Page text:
If waste pickers get organized and supported, there will be job creation which will lead to poverty reduction. It will lead to the conservation of natural resources, protect the environment. It also extends the life of disposal sites.

In the course of their work, they contribute immensely towards environmental protection and management and also the economy precisely the circular economy by reincorporating whatever they have recovered into the economy/s production system (Abalo et al., 2018).

They are victims of social stigmatisation and they belong to socially vulnerable groups, such as migrants, women, children, the elderly, the disabled, and the unemployed. While informal workers are recognised as important for waste management in the majority of cities of the Global South, their activities are generally labour-intensive, low-tech, low-paid, often managed autonomously or in the family (Olanrewaju & Oyebade, 2019).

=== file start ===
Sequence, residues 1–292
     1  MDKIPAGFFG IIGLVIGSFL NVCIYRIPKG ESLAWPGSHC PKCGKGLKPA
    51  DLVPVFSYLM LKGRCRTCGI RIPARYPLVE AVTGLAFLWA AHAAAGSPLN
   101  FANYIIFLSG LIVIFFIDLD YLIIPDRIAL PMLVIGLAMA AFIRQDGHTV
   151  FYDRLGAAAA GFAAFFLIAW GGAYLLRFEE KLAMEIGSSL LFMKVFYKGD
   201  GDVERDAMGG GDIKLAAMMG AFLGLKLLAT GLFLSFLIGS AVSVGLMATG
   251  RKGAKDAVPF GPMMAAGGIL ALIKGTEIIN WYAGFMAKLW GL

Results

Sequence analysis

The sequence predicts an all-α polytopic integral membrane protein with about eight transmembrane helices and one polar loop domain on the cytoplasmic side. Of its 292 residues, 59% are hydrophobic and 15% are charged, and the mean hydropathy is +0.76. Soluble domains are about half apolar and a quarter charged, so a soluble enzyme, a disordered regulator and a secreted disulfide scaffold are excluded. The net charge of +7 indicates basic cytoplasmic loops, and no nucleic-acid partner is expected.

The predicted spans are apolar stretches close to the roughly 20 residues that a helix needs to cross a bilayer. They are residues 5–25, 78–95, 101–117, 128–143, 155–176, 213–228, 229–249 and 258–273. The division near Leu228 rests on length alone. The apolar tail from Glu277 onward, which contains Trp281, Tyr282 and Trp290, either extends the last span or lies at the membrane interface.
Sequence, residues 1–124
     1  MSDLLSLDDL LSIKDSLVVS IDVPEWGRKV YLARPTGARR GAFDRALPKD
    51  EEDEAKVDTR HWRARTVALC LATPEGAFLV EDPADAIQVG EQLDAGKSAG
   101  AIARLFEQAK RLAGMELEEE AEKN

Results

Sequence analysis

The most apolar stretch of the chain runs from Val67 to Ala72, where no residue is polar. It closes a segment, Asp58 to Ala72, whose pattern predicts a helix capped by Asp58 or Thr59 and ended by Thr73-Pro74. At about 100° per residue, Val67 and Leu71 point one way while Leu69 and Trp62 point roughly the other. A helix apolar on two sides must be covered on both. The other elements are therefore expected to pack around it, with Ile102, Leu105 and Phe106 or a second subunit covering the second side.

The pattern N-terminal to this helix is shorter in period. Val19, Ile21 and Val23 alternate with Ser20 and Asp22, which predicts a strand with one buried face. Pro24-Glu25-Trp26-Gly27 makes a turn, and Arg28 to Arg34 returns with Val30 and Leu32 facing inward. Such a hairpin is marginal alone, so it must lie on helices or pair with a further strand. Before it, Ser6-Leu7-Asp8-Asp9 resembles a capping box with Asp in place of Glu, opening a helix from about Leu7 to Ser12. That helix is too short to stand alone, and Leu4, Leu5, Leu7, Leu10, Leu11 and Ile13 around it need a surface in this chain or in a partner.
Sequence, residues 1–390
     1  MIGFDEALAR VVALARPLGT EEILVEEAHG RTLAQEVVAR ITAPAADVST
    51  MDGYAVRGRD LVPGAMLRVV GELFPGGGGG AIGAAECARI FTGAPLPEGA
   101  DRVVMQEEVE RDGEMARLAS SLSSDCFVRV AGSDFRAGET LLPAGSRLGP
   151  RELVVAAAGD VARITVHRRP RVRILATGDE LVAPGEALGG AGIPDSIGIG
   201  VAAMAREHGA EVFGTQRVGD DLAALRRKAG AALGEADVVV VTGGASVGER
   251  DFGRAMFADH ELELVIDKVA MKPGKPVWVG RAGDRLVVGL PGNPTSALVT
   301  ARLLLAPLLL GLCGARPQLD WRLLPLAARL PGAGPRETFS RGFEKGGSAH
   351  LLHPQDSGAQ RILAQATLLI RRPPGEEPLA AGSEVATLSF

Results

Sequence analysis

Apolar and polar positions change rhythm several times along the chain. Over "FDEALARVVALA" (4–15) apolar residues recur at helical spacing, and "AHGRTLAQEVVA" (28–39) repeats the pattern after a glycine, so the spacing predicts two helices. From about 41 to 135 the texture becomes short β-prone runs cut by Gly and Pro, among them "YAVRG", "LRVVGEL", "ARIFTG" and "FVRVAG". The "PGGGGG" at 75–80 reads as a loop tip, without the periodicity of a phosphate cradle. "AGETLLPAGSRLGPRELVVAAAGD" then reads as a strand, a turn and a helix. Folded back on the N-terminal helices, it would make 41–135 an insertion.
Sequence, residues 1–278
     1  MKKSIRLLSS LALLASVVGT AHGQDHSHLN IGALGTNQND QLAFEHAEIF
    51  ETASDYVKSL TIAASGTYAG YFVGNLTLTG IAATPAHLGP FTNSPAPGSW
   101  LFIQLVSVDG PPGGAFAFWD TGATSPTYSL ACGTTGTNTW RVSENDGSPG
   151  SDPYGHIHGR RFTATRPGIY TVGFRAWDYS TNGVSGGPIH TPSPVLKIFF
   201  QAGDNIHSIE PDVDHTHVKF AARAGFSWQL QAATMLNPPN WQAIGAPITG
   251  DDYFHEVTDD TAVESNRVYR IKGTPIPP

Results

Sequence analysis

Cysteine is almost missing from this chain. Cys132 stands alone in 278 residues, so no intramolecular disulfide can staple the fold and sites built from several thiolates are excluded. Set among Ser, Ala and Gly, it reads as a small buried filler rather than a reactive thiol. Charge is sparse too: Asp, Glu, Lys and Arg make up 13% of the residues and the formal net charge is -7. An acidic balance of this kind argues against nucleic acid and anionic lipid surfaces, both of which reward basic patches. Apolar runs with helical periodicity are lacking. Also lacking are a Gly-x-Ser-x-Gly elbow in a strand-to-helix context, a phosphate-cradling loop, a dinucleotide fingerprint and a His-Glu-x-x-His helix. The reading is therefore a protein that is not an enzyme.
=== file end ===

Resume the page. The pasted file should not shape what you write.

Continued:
In general, questionnaire designs limit the use of extensive probing by the interviewer and rarely use unstructured or open-ended questions. Consequently, the data might easily lack the detail or depth that the researcher desires for addressing the initial research problems (Wilson et al., 2012). Another limitation of questionnaires is that it can be difficult to know whether the selected respondents are being truthful. The effectiveness of questionnaire could be hindered by the respondents’ insufficient knowledge or understanding of the questions that were posed to them (Otokiti, Adejumo, & Olateju, 2010).

5. Conclusion

Waste picking is a source of livelihood for the working poor and vulnerable. The informal waste pickers make relevant contributions to cities in terms of aesthetics. Government policies and public perceptions about waste pickers are based on misconception that largely ignore their contribution to waste management and the environment.